A Hamilton system with a few local minima in the potential energy surface represents a model in frame of which one can describe the dynamics of transitions between different equilibrium states, including such important transitions as chemical reactions, nuclear fission and others. Systems of such type allow existence of several critical energy values even for a fixed set of potential parameters. That leads to a possibility of existence of so-called mixed state  for such potentials: different dynamic regimes (regular or stochastic) are realised in the same energy interval in different local minima. It gives new possibilities for studies of the quantum manifestations of classical stochasticity (QMCS), using the following objects: statistical properties of energy spectrum (nearest-neighbour spacing distribution), structure of the wave functions (nodal curves, probability density) and wave packet dynamics. We consider such possibilities in application to quadrupole surface oscillations of nuclei, described by the lowest terms of the deformation potential decomposition in deformation parameters. In that potential the mixed state is observed in that part of the parameter space, where the equilibrium shape of the nucleus can be either spherically symmetric or deformed, i.e. for the potentials with a few local minima. In the case of the potential energy surface of complicated topology numerical calculation based on matrix diagonalization becomes ineffective, but the so-called spectral method  can become an inspiring alternative. Since the spectral method is fundamentally based on numerical solutions of a time-dependent differential equation, its implementation is always straightforward. Neither special ad hoc selection of basis function is required, nor is it necessary for the potential to have a special analytic form. The spectral method is in principle applicable to problems involving any number of dimensions.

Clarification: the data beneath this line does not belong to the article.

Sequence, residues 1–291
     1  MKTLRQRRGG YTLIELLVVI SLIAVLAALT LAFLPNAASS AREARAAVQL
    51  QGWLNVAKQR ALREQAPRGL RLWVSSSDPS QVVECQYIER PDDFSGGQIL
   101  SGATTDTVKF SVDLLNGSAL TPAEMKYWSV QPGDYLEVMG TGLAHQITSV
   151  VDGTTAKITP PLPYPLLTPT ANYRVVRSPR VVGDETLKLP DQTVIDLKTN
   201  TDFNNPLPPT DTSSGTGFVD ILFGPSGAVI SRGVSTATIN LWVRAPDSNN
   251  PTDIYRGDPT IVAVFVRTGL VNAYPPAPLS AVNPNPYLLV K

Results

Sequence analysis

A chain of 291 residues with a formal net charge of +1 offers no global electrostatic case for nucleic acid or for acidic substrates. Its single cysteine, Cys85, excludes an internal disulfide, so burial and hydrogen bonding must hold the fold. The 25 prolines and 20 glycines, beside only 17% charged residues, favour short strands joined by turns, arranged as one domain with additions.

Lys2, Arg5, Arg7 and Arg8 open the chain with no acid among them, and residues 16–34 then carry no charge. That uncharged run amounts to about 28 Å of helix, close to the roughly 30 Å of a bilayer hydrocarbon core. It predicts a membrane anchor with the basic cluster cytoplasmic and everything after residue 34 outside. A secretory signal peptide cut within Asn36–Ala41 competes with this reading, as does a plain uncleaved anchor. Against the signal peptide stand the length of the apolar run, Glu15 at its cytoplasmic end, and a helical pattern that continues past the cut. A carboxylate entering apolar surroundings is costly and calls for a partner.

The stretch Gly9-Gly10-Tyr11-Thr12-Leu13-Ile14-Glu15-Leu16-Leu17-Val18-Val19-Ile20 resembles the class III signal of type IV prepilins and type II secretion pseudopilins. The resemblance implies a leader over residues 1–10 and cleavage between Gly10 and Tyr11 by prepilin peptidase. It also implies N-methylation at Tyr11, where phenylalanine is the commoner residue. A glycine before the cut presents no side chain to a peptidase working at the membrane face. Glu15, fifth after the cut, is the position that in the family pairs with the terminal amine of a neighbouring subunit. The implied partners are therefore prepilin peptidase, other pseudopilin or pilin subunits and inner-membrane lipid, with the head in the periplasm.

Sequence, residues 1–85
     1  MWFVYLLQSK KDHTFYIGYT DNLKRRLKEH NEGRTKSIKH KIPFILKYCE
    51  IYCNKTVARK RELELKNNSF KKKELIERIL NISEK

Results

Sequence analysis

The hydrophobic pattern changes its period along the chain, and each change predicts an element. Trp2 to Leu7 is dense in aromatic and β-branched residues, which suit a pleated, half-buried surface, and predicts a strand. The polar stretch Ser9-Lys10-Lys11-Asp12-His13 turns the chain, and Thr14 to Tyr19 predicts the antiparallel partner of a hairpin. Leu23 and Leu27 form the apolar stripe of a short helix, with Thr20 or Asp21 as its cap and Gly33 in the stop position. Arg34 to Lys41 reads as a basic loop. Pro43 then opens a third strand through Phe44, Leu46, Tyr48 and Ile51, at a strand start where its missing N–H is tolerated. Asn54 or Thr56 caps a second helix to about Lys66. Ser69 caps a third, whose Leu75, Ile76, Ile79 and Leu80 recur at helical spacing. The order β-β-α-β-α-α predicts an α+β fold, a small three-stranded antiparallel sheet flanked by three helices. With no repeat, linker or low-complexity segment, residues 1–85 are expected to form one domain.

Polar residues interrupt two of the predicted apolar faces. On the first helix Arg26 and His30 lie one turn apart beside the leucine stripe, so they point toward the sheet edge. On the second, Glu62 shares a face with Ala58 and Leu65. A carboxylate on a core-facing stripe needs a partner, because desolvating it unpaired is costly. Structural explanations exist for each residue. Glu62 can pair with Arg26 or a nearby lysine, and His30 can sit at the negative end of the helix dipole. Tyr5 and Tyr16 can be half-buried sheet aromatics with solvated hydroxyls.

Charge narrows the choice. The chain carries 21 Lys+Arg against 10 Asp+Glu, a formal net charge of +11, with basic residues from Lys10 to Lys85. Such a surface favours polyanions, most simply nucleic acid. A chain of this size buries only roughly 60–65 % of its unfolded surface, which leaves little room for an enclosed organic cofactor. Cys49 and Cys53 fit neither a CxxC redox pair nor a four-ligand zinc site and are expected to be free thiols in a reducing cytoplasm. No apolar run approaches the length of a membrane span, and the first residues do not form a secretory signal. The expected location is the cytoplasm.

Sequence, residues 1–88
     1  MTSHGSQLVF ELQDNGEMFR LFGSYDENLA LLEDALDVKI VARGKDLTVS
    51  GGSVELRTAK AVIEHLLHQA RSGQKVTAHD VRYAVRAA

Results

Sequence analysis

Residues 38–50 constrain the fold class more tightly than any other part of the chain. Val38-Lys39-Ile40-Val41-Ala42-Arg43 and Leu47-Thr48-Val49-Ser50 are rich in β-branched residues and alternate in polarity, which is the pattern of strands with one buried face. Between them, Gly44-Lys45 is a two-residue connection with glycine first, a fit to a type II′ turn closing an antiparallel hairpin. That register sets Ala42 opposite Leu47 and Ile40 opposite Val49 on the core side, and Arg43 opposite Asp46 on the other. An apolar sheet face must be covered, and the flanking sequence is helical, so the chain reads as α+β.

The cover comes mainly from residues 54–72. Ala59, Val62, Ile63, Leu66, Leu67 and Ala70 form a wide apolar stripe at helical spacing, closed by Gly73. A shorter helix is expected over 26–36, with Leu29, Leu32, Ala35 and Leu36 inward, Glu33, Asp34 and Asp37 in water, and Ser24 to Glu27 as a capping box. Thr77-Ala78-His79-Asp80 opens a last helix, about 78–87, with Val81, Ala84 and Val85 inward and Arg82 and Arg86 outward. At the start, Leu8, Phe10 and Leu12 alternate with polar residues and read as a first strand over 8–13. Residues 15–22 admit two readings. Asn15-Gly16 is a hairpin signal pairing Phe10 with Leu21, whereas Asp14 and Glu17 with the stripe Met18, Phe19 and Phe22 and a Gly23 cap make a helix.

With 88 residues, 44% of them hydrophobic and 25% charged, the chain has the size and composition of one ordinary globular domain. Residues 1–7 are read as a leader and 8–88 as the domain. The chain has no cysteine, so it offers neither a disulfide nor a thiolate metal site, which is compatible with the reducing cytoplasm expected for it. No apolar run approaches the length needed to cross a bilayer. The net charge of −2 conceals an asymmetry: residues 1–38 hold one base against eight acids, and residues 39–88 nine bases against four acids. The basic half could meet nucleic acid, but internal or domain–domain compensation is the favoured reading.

Yu. L. Bolotin, V. Yu. Gonchar, E. V. Inopin, V. V. Levenko, V. N. Tarasov and N. A. Chekanov, Fiz. Elem. Chastits and At. Yadra 20 (1989) 878
 M. D. Feit, J. A. Fleck, Jr., and A. Steiger Journal of Computational Physics 47 (1982) 412